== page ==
In addition, based on publicly available information, the Department has determined that, as of March 13, 2003, imports of organic pasta from Italy that are accompanied by the appropriate certificate issued by Instituto per la Certificazione Etica e Ambientale (“ICEA”) are also excluded from this order. See Memorandum from Audrey Twyman to Susan Kuhbach, dated February 28, 2006, entitled “Recognition of Instituto per la Certificazione Etica e Ambientale (“ICEA”) as a Public Authority for Certifying Organic Pasta from Italy” which is on file in the Department's CRU.
The merchandise subject to this order is currently classifiable under item 1902.19.20 of the Harmonized Tariff Schedule of the United States (“”). Although the HTSUS subheading is provided for convenience and customs purposes, the written description of the merchandise subject to the order is dispositive.
Between October 13 and November 14, 2005, Laporta, Barilla, and Tomasello timely withdrew their requests for administrative review of the antidumping order. Because their withdrawal requests were filed within 90 days of publication of the Initiation Notice, and because there were no other requests for review of the above-mentioned companies, we are rescinding the review with respect to Laporta, Barilla, and Tomasello in accordance with 19 CFR 351.213(d)(1).
On November 29, 2005, the order was revoked, in part with respect to Pallante. See Pasta Eighth Review Final Results, Start Printed Page 4501970 FR 71464 (November 29, 2005). Consequently, we are rescinding the administrative review with respect to Pallante.
On September 20, 2005, Italpasta submitted a letter stating that it had no shipments of subject merchandise during the period of review. We confirmed this information through customs data. See Memorandum to the File from the Team regarding Customs Query dated May 18, 2006, the public version of which is on file in the CRU. In accordance with 19 CFR 351.213(d)(3), we are preliminarily rescinding the review in part as to Italpasta because it made no sales or shipments of subject merchandise during the review period.
In accordance with section 771(16) of the Act, we first attempted to match contemporaneous sales of products sold in the United States and comparison markets that were identical with respect to the following characteristics: (1) pasta shape; (2) type of wheat; (3) additives; and (4) enrichment. When there were no sales of identical merchandise in the comparison market to compare with U.S. sales, we compared U.S. sales with the most similar product based on the characteristics listed above, in descending order of priority. When there were no appropriate comparison market sales of comparable merchandise, we compared the merchandise sold in the United States to constructed value (“CV”), in accordance with section 773(a)(4) of the Act.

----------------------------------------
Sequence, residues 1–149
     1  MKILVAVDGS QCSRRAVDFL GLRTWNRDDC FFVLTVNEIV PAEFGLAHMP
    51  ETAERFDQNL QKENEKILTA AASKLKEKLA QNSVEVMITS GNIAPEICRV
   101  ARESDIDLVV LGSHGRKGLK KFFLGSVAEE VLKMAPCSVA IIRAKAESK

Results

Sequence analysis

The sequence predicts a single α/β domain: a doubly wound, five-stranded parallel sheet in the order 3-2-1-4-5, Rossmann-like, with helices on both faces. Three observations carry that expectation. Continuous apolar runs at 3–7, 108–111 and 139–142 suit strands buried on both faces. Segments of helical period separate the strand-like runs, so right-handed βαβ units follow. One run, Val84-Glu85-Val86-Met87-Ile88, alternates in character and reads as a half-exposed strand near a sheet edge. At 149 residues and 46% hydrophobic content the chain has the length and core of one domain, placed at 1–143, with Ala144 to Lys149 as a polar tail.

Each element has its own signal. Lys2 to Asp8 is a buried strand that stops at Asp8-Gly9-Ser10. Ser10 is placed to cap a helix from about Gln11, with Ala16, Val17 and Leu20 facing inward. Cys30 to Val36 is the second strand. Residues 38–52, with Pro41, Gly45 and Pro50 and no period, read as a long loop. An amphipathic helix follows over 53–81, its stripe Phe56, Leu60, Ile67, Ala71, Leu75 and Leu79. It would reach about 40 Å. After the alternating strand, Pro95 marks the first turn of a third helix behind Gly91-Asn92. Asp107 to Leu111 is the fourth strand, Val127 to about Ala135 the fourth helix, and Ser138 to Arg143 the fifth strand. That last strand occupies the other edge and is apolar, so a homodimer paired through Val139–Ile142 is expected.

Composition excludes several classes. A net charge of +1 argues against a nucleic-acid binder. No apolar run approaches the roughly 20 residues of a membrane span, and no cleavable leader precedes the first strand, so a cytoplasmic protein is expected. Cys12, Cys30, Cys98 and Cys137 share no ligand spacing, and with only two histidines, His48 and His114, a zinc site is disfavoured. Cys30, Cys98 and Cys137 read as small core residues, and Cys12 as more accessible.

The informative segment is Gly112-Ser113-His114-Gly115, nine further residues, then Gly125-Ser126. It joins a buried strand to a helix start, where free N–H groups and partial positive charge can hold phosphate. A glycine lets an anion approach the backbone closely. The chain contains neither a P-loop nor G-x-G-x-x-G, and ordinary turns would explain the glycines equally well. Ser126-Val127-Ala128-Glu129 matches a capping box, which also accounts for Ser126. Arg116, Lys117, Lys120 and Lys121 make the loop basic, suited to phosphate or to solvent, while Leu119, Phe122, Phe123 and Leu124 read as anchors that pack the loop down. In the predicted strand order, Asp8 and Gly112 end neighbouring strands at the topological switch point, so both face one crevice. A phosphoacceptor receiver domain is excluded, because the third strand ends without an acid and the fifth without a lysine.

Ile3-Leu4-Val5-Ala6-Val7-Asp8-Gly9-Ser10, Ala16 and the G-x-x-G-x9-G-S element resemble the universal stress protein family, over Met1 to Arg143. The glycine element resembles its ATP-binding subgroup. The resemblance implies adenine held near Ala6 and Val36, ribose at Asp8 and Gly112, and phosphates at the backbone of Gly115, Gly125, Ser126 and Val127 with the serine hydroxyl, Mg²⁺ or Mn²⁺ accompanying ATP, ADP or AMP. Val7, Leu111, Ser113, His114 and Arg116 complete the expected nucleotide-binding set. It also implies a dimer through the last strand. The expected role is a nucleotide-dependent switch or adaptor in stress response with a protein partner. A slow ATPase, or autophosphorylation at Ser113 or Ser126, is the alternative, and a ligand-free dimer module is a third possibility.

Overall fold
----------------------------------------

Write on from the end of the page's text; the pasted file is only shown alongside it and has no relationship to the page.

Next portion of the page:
For purposes of the preliminary results, where appropriate, we have calculated the adjustment for differences in merchandise based on the difference in the variable cost of manufacturing (“VCOM”) between each U.S. model and the most similar home market model selected for comparison.
Comparisons to Normal Value
To determine whether sales of certain pasta from Italy were made in the United States at less than NV, we compared the EP to the NV, as described in the “Export Price” and “Normal Value” sections of this notice. In accordance with section 777A(d)(2) of the Act, we calculated monthly weighted-average prices for NV for Corticella/Combattenti and CV for Atar and compared these to individual U.S. transactions. See the company-specific calculation memoranda, available in the CRU.
For both Corticella/Combattenti and Atar, for the price to the United States, we used, as appropriate, EP, in accordance with section 772(a) of the Act. We calculated EP when the merchandise was sold by the producer or exporter outside of the United States directly to the first unaffiliated purchaser in the United States prior to importation. We based EP on the packed cost-insurance-freight (“CIF”), ex-factory, free-on-board (“FOB”), or delivered prices to the first unaffiliated customer in, or for exportation to, the United States. When appropriate, we made adjustments to these prices to reflect billing adjustments, discounts, rebates, and freight revenue.